Shuttle-box avoidance learning in mice: Improvement by glucose combined with stimulant drugs

Mario Sansone, Mario Battaglia, Flaminia Pavone

Research output: Contribution to journalArticlepeer-review

Abstract

Glucose was tested alone or in combination with two stimulant drugs, amphetamine and nicotine, in mice of the CD-1 strain subjected to five daily shuttle-box training sessions. Pretraining intraperitoneal administration of glucose (50 or 100 mg/kg) had no effect, while amphetamine and nicotine, given alone, significantly improved avoidance acquisition at a dose of 0.5 mg/kg, but not 0.025 mg/kg. Significant improvement of avoidance learning was also produced by a combination of glucose with the lower dose of amphetamine or nicotine. This enhancing action, produced by a combination of glucose and stimulant drugs, at doses ineffective by themselves, might be due to a concomitant cholinergic and dopaminergic activation, induced by glucose and stimulant drugs, respectively. (C) 2000 Academic Press.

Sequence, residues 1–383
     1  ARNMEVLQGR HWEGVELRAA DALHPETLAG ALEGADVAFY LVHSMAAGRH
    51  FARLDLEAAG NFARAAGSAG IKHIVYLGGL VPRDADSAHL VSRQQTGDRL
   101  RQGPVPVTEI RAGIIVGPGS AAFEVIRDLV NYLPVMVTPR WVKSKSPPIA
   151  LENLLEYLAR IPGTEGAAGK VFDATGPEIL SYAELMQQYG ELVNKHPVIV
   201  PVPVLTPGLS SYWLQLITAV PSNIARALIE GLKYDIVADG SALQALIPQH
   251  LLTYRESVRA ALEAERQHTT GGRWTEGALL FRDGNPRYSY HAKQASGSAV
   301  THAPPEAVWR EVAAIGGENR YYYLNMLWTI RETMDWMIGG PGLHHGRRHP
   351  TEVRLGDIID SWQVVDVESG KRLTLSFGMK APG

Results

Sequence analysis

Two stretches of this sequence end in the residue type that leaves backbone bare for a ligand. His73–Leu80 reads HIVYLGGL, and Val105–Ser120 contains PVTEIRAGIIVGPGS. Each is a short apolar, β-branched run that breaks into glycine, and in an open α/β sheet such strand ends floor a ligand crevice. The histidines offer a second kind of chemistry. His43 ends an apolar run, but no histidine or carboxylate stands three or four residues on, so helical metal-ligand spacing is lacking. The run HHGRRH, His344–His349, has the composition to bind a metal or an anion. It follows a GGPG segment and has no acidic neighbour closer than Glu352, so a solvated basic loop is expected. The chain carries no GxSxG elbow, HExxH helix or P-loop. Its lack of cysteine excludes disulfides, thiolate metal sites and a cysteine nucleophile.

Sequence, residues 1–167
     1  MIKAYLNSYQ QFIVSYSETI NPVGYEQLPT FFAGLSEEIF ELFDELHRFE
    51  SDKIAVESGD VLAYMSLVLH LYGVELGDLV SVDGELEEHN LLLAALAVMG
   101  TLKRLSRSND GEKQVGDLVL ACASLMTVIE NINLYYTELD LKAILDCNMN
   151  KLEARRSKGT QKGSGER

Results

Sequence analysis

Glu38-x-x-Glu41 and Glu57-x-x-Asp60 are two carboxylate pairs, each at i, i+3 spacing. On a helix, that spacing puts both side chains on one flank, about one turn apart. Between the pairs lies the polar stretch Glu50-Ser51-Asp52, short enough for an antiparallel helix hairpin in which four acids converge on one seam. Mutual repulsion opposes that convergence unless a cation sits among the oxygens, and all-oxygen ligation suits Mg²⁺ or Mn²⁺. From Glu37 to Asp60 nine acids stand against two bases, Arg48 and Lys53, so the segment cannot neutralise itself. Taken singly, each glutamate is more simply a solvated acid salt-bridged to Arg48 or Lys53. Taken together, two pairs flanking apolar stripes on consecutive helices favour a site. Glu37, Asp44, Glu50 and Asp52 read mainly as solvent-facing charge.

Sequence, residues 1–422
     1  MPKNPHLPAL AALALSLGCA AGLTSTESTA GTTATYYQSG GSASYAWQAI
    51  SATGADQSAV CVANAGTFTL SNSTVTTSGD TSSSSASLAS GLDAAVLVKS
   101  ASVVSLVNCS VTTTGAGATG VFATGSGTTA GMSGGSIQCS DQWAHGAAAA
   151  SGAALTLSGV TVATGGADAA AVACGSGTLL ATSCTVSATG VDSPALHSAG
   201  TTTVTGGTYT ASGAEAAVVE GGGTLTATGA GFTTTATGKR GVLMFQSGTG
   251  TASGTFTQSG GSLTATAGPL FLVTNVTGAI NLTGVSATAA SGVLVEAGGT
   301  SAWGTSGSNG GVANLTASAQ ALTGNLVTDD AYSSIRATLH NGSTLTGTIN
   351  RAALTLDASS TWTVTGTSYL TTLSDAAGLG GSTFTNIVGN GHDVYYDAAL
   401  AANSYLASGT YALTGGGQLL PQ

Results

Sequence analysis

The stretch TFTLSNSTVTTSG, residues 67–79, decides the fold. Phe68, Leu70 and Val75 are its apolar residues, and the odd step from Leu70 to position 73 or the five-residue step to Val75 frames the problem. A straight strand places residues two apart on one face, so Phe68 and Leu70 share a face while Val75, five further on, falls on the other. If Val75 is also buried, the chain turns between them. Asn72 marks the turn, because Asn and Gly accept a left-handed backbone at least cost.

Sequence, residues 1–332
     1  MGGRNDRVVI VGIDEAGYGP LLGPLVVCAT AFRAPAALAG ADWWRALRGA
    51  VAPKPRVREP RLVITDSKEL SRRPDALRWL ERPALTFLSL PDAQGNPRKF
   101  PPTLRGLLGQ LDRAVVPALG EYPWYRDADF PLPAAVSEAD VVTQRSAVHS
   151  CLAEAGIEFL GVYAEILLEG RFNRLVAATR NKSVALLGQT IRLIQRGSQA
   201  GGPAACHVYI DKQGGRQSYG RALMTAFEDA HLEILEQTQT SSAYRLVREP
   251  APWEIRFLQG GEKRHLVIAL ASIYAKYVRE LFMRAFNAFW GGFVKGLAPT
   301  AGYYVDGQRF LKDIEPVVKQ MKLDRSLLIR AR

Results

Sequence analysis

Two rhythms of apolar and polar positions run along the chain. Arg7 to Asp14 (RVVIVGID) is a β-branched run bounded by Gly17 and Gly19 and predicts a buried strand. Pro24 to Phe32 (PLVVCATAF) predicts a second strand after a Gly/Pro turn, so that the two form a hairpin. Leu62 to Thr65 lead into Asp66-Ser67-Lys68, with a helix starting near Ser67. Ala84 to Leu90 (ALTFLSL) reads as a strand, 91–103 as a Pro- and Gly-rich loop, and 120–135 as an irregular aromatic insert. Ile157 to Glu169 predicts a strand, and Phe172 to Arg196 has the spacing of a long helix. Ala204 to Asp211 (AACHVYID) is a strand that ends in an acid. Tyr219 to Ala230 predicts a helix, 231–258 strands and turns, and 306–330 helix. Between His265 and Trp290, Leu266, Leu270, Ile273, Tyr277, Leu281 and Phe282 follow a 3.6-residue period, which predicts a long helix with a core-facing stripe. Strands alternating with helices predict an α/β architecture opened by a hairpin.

Original languageEnglish
Pages (from-to)94-100
Number of pages7
JournalNeurobiology of Learning and Memory
Volume73
Issue number1
DOIs
Publication statusPublished - Jan 2000

Keywords

  • Active avoidance
  • Amphetamine
  • Glucose
  • Learning improvement by drug combination
  • Mice
  • Nicotine

ASJC Scopus subject areas

  • Behavioral Neuroscience
  • Cognitive Neuroscience
  • Experimental and Cognitive Psychology

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